Mary McDonnell on Spinoff Shows and Playing Someone Who Isn’t “Likable”

Slate's Culture Blog
Nov. 25 2013 10:42 AM

Mary McDonnell on Spinoff Shows and Playing Someone Who Isn’t “Likable”

Mary McDonnell on Major Crimes


When the Kyra Sedgwick police procedural The Closer came to an end in August 2012, most of the show’s characters became part of a new series, Major Crimes. Leading the Major Crimes squad is Capt. Sharon Raydor (Mary McDonnell), who first appeared on The Closer as a meddling investigator from internal affairs.

Just before Major Crimes returns on Monday, Nov. 25, Slate talked with two-time Oscar nominee McDonnell about the challenges of playing an unlikable character, the tough-but-kind roles she’s often cast in, and what her Battlestar Galactica character President Laura Roslin would make of Raydor.


Slate: The transition from The Closer to Major Crimes strikes me as one of television’s smoothest spinoffs and also one of its most substantive—it's more like a successor. Did you always know that the new show was going to work?

Mary McDonnell: I had a feeling it would, because I understood that [creator James Duff’s] intention was to make the transition through the reality that already existed, as opposed to trying to make some kind of leap into a new show. I felt there would be something very recognizable for people all over the country to attach to. It was no longer, “The Closer to Major Crimes.” It was: "I know these people. I'm in a corporation that just got a new boss. I understand this.” A tremendous number of spinoffs have a self-conscious “new show” aspect to them that can get them in trouble.

June Thomas June Thomas

June Thomas is a Slate culture critic and editor of Outward, Slate’s LGBTQ section. 

Slate: Your character, Sharon Raydor, was introduced in The Closer as an antagonist for Kyra Sedgwick’s Brenda Leigh Johnson. Pretty much everyone resented Raydor’s presence. How did you turn a character whose main characteristic was that she was annoying into someone who the other characters respect and viewers would want to spend time with? 

McDonnell: If people were asked or manipulated into having to like Sharon Raydor, it would have flopped. If the viewer and the other characters are experiencing her doing a job as well as she can, and through that she begins to expose other aspects of herself that may shift the way they feel about her, then we're succeeding. Sharon Raydor had enough strength to overcome the need to try to make people like her. And it was in that resistance that people started to accept her and then grow fond of her, because she wasn’t asking them to change.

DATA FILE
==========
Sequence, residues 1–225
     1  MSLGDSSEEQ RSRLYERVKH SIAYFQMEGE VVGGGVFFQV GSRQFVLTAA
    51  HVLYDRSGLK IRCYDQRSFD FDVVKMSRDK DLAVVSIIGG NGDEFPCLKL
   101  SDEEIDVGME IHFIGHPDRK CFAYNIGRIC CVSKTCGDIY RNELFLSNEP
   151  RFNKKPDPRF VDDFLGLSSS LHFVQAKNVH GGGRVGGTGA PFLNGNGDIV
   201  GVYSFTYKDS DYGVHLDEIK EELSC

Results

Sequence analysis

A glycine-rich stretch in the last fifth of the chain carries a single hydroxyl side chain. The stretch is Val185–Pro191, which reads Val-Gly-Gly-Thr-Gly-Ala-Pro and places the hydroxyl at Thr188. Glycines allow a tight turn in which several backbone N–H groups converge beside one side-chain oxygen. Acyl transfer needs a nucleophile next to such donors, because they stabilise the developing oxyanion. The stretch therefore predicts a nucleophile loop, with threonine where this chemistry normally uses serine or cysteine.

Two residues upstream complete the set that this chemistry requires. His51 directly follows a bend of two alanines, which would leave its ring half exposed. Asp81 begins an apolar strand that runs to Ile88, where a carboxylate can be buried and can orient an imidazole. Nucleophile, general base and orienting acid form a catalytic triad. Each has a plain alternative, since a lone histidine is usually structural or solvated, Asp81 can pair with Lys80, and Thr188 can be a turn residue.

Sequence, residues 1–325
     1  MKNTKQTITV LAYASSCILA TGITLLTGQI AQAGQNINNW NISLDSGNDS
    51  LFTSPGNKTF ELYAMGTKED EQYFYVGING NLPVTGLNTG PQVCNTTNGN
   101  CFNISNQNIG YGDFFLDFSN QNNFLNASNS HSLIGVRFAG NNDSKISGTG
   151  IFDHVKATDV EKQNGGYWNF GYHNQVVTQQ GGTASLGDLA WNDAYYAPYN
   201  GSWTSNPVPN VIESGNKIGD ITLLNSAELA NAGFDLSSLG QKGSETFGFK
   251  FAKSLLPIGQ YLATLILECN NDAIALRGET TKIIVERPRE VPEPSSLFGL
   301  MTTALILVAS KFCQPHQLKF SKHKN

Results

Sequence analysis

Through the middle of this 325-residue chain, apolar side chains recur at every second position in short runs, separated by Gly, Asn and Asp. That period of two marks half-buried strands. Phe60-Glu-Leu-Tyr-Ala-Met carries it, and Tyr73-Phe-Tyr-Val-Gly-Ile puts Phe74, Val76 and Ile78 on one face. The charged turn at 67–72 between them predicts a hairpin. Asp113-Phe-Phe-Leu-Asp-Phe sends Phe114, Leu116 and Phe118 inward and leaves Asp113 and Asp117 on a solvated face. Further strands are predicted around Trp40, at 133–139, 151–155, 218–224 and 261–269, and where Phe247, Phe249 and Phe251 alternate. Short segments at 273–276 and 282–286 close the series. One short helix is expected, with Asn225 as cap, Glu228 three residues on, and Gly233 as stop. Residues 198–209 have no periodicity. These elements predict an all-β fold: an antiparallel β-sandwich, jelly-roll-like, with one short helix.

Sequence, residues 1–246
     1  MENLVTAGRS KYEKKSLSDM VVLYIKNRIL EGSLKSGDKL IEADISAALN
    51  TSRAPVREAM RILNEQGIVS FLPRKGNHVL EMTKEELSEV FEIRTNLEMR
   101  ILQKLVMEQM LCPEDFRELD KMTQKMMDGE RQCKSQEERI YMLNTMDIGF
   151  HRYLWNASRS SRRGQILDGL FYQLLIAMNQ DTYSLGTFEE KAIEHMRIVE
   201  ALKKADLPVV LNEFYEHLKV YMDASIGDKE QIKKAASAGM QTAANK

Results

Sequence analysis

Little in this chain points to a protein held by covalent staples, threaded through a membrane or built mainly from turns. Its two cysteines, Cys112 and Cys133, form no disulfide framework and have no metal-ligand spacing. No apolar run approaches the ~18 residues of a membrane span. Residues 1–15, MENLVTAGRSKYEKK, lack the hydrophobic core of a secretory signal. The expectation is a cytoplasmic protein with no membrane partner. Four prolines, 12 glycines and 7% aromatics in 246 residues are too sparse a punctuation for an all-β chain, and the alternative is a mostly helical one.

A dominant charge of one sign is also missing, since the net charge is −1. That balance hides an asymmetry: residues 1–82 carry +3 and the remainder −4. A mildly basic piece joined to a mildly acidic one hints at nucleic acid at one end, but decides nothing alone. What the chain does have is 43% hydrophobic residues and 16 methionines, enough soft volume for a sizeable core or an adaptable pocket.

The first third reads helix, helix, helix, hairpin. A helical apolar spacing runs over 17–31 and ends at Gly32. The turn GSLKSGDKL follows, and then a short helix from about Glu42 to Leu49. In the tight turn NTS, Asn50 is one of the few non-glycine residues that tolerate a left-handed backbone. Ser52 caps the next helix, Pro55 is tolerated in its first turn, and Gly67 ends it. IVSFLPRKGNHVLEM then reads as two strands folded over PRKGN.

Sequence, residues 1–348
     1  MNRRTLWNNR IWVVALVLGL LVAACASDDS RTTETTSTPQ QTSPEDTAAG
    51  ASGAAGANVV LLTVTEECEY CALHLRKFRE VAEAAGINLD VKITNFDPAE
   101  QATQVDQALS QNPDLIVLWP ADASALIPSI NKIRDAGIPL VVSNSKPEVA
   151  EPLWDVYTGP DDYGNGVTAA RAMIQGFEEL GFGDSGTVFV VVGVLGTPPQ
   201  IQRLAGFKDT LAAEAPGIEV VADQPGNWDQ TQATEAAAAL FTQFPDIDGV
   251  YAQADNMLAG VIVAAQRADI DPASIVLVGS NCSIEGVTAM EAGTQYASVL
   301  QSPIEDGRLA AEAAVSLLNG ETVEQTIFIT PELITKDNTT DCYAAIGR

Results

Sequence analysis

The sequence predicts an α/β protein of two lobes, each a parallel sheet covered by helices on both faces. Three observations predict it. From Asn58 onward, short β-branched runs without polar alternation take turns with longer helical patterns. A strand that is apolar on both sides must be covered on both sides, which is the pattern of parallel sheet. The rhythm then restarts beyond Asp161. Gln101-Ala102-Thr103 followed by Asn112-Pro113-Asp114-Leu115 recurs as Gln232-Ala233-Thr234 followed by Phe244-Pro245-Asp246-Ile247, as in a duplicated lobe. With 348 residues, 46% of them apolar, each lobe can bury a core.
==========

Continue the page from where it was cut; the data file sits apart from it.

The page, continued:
Slate: As an actor, are you aware of the likability, or lack thereof, of your character. Is that something that concerns you?

McDonnell: When Sharon Raydor was first on The Closer, I had a double experience. There was a part of me that found it very difficult to be the character that nobody likes. But then I would have so much fun with it in the world, I remember one time I was getting off the New York State freeway, and the lady in the tollbooth recognized me and went ballistic. She said: “Girl, I hate you! I'm so glad you're on that show; you are so much fun!” And that was the kind of energy I was getting from people. They were loving being annoyed with her. That was a very fun dynamic. It was almost hard to lose that.

Slate: The Closer and Major Crimes share a universe and several characters. Sometimes it’s almost as if the ghost of Brenda Leigh Johnson is still hovering over the place. Are you aware of having to make a stark contrast between Sharon Raydor and Brenda Leigh Johnson?

McDonnell: I’m not aware of that at all. It was so built in from the beginning—that these were very different women, with very different talents, with very different skill sets. The thing that has been really wonderful for me, Mary-slash-Sharon, is that there have been moments in my imaginary world when I'm playing a scene, I go into Sharon Raydor’s office, and her impulse is, God, I would love to call Brenda Leigh and talk this through with her.

Slate: I thought you were going to say, “I would like to eat a Ding Dong.”

McDonnell: Oh, no. Sharon’s not into Ding Dongs.

Slate: One of the aspects of Major Crimes that I really enjoy is Raydor’s relationship with Rusty, a kid who has had a hard life. He was a teenage hustler and a witness to a serious crime. Raydor’s interactions with him really bring out a mood that is often present in the parts you play, a hard-on-the-outside, soft-on-the-inside quality.

McDonnell: Yes.

Slate: Is that the kind of mood that you’re conscious of trying to project?

McDonnell: I think it’s something people see in me and hire me for. I think we all carry something, and sometimes it is for whatever reason needed in the marketplace of entertainment. And then the job is not to try and make it different for the sake of being different but to try and find what is very specifically unique about the character through which these qualities are being manifest. Sharon Raydor has got things going for her that I’ve never played before—and yet she has a core energy that I understand well.

Slate: Another part you are very well known for is as President Laura Roslin on Battlestar Galactica. If Sharon Raydor and Laura Roslin met in some alternative dimension, do you think they’d get along?

McDonnell: I don’t really know Laura Roslin outside the end of her life, which was on the battlestar. I only know a little bit about her past. I think I know more about Sharon Raydor’s personal life than I ever really knew about Laura’s. So would they meet and get along? I really don’t know yet.

This interview has been condensed and edited. 



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